DOJ grants will support research to improve forensic science practices used in sexual assault and domestic violence cases
Sep 14 2016
WASHINGTON – Today, U.S. Sens. Mark R. Warner and Tim Kaine (both D-VA) announced that Virginia Commonwealth University (VCU) in Richmond and George Mason University (GMU) in Fairfax will receive a total of $1,125,897 in federal funds through two grants from the Department of Justice National Institute of Justice (NIJ) to support research that will improve the forensic science testing and equipment used in domestic violence and sexual assault cases. VCU will receive $676,460 and GMU will receive $449,437 in funding to conduct studies and trials that seek to improve forensic science gathering methods.
“Law enforcement must have at their disposal the most up-to-date technology available to assist victims of violence,” said Sen. Warner. “These funds will help us modernize our criminal justice system by giving prosecutors improved tools to bring criminals to justice, provide closure to their victims, and exonerate those wrongfully convicted.”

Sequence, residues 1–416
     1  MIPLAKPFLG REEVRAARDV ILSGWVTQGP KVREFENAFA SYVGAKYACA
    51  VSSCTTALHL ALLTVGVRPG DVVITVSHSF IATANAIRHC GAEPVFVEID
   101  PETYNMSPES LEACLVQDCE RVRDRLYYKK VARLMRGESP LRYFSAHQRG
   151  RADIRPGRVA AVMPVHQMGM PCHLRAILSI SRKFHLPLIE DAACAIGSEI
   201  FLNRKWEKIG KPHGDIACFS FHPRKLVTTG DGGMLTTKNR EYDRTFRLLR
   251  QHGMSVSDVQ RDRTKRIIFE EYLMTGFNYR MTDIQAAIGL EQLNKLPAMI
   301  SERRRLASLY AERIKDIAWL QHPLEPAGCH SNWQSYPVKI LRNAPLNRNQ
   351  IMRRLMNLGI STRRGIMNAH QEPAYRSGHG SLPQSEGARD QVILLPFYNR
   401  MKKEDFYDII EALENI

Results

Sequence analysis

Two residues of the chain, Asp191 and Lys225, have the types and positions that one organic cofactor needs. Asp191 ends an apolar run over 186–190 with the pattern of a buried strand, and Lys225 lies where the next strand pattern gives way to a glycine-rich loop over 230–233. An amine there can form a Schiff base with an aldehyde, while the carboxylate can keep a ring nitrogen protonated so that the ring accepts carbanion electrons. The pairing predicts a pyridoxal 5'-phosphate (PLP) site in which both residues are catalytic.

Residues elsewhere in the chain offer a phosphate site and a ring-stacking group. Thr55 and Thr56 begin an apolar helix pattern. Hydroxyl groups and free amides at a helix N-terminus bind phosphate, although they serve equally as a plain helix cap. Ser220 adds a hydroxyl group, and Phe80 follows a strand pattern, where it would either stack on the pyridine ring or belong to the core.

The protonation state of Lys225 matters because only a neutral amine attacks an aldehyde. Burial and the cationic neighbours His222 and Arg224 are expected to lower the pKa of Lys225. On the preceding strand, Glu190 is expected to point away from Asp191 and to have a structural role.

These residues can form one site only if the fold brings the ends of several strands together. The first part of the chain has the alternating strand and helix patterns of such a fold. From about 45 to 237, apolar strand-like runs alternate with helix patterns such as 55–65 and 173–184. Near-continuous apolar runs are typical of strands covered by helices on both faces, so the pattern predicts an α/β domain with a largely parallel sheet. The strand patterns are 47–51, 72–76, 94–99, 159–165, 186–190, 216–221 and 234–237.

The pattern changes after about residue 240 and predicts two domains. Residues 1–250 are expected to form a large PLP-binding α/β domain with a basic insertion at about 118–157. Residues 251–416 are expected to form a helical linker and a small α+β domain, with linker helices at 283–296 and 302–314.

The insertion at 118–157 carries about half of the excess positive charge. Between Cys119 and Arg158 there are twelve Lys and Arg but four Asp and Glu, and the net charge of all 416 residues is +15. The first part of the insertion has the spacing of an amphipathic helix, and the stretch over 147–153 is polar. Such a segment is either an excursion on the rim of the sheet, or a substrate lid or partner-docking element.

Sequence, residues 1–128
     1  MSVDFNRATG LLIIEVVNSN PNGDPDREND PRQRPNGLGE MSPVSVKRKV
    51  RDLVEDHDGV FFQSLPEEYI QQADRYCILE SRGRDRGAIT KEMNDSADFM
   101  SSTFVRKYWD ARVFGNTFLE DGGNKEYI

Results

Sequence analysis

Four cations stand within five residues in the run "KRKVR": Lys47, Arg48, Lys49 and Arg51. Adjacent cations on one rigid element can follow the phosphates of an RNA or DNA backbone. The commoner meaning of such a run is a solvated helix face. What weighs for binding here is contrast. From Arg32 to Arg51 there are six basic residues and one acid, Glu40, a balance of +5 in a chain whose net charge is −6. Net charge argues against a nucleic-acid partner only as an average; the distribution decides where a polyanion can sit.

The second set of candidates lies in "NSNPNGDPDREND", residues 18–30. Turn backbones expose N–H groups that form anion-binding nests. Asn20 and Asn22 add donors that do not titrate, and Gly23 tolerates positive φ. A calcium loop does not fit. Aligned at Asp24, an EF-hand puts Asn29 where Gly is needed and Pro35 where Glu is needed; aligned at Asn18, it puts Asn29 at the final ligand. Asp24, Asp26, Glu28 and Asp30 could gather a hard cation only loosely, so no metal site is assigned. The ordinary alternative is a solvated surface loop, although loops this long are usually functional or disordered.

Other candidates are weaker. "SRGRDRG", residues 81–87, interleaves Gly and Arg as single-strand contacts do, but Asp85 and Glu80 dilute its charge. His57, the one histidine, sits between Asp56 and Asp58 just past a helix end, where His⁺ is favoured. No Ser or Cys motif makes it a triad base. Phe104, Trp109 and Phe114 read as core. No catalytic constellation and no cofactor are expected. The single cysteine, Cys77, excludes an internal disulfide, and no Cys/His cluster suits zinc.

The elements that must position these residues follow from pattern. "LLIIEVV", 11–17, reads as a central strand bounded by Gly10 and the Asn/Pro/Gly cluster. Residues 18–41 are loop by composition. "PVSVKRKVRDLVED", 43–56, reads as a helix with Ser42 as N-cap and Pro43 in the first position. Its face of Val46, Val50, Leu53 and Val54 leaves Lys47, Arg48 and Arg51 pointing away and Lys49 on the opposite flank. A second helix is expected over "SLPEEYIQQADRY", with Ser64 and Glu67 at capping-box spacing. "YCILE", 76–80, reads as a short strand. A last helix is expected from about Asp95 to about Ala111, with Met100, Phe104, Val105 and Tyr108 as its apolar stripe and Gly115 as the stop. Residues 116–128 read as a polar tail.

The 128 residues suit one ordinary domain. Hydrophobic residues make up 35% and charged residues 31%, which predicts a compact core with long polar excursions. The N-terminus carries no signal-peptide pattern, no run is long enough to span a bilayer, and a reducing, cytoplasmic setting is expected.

Sen. Warner has promoted advances in DNA testing since his time as Governor of Virginia, becoming the first Governor to order posthumous DNA testing in a capital case. The post-conviction DNA testing program spearheaded by Senator Warner as Governor has exonerated eleven individuals and enabled additional testing in hundreds of cases, which have resulted in the match of 10,000 cold case hits since Warner helped modernize the system. Notably, Thomas Haynesworth was exonerated in 2011 after spending 27 years in prison following a wrongful rape and robbery conviction. He is also a cosponsor of the bipartisan Justice For All Reauthorization Act (S. 2577) that would provide critical updates and improvements to federal programs at the Department of Justice focused on forensic science and the use of DNA evidence in our criminal justice system. That bill passed the Senate June 16, 2016 and currently awaits action by the House of Representatives.